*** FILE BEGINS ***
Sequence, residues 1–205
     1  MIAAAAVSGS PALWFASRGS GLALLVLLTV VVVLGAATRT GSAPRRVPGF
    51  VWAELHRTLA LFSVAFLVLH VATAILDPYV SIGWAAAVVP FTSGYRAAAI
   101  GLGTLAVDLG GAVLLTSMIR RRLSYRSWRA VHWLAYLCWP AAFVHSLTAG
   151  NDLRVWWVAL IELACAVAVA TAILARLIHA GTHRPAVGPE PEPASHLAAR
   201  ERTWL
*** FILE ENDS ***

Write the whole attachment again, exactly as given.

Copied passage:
Sequence, residues 1–205
     1  MIAAAAVSGS PALWFASRGS GLALLVLLTV VVVLGAATRT GSAPRRVPGF
    51  VWAELHRTLA LFSVAFLVLH VATAILDPYV SIGWAAAVVP FTSGYRAAAI
   101  GLGTLAVDLG GAVLLTSMIR RRLSYRSWRA VHWLAYLCWP AAFVHSLTAG
   151  NDLRVWWVAL IELACAVAVA TAILARLIHA GTHRPAVGPE PEPASHLAAR
   201  ERTWL